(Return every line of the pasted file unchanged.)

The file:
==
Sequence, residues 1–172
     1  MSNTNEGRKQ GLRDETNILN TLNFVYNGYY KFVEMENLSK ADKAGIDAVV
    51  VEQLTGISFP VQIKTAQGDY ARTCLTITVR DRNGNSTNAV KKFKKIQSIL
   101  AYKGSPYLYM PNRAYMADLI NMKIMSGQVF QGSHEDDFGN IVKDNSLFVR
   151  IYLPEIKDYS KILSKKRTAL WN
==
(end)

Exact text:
Sequence, residues 1–172
     1  MSNTNEGRKQ GLRDETNILN TLNFVYNGYY KFVEMENLSK ADKAGIDAVV
    51  VEQLTGISFP VQIKTAQGDY ARTCLTITVR DRNGNSTNAV KKFKKIQSIL
   101  AYKGSPYLYM PNRAYMADLI NMKIMSGQVF QGSHEDDFGN IVKDNSLFVR
   151  IYLPEIKDYS KILSKKRTAL WN